After No Rate Increase For Six Years, VEC Plans Modest Rate Increase For 2020

November 15, 2019

Johnson, Vt - Vermont Electric Co-op (VEC) today filed a request with the Vermont Public Utility Commission for a rate increase of 3.29% to take effect at the beginning of next year. 

If approved, this adjustment would be the first VEC rate increase in six years. Over the last ten years, VEC has had an average rate increase of less than one percent a year, well under the cost of inflation.

The main drivers of this proposed increase include:

  • Power purchases. This includes higher capacity costs (ensuring power supply is available when needed), and increased costs of power supply contracts. These as a group are the single most significant cost pressure.
  • System maintenance and major storms. VEC is seeing increased system maintenance costs associated with keeping the grid resilient, safe, and reliable. This includes increasing our vegetation and tree trimming efforts in order to reduce outages in the coming years.
  • Cost of doing business. Although VEC has not increased staffing levels in many years, the continued increase in the cost of employee health insurance is a big cost driver, in addition to other costs of running a business such as property taxes and typical cost of living pay and benefit increases.

VEC is also experiencing reduced revenues attributable to increased efficiency and distributed renewable generation (net-metering), in addition to a declining Renewable Energy Certificate market.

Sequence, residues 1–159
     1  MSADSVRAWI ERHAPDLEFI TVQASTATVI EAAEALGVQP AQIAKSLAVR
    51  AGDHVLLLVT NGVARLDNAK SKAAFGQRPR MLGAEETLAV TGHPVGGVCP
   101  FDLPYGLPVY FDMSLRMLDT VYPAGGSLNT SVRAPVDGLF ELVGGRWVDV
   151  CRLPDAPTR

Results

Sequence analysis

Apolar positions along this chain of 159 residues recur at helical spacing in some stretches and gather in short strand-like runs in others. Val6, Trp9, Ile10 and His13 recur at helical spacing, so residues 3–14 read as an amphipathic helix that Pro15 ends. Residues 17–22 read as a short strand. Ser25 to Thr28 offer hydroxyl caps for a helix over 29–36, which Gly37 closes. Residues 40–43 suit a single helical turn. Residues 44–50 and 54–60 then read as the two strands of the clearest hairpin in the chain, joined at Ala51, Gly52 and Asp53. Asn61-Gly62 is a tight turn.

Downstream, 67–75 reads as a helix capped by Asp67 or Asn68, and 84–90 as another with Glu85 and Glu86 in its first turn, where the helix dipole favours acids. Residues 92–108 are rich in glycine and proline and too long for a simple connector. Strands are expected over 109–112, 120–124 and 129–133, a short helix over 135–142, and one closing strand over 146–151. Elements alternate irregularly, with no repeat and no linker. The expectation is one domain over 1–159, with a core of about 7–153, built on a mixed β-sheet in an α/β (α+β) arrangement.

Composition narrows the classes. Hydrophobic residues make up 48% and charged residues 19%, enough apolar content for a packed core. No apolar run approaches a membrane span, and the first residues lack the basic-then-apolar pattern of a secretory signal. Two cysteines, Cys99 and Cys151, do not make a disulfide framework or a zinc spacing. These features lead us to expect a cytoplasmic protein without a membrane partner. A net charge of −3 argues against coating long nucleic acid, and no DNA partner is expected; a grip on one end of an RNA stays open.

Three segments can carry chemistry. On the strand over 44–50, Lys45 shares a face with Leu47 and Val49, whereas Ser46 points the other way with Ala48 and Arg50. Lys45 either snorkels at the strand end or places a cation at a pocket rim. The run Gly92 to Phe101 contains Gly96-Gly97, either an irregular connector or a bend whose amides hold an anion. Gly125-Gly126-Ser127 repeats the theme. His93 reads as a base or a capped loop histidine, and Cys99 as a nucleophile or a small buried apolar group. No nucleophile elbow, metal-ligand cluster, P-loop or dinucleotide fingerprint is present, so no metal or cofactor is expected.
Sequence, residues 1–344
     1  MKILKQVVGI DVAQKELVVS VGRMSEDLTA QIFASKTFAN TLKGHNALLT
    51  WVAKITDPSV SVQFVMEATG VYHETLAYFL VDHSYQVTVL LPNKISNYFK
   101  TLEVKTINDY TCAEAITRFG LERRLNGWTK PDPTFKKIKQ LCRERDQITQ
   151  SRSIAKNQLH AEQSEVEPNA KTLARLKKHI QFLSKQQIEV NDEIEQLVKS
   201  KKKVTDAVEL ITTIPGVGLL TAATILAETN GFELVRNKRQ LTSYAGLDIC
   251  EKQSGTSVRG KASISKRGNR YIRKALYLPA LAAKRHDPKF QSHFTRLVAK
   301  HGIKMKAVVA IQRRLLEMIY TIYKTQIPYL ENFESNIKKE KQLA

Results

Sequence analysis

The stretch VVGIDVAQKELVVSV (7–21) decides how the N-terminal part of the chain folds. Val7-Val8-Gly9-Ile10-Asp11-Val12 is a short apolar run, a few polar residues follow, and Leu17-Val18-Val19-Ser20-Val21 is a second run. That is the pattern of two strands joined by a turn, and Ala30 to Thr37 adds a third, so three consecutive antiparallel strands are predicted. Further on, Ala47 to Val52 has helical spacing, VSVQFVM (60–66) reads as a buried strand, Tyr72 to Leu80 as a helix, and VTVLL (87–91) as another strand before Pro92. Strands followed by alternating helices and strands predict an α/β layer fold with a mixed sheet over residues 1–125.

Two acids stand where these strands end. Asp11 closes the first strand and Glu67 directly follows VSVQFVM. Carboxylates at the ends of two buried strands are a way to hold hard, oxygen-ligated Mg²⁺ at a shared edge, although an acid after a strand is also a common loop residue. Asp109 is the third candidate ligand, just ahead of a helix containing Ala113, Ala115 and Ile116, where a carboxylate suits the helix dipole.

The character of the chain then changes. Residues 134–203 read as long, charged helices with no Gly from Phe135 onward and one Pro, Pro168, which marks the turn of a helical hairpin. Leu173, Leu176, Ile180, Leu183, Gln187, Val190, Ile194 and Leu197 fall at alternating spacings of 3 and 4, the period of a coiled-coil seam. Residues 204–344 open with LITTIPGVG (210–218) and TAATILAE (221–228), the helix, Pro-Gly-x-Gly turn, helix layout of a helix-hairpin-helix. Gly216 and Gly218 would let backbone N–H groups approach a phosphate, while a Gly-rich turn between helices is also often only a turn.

If approved, a residential customer with a bill of $100/month would see an increase in their bill of $3.29 per month. “We are proud of the work we have done to keep rates stable in recent years, and in a perfect world, of course, we would prefer not to have to ask for a rate increase,” said Rebecca Towne, VEC’s chief executive officer. “However, this is a necessary step to ensure we make essential and cost effective investments in an increasingly complex electrical infrastructure system,” she said.

Towne said that VEC has a capable and flexible team that continually focuses on improving operations and finding efficiencies to best use limited resources, and those efforts have been a big reason rates have remained stable in recent years.

She also noted that VEC’s strong financial status is helping the co-op to save money. For the past three years, VEC has been rated A+ with a stable outlook by Standard and Poor’s. This financial rating is an indicator of prudent financial management, which translates into lower borrowing costs.

“As a member-owned, not-for-profit co-operative, VEC puts our members first,” Towne said. “In everything we do, including our long-term financial management, our central focus is on our members and this increase, we believe, is in the best interests of the co-op as a whole,” Towne said.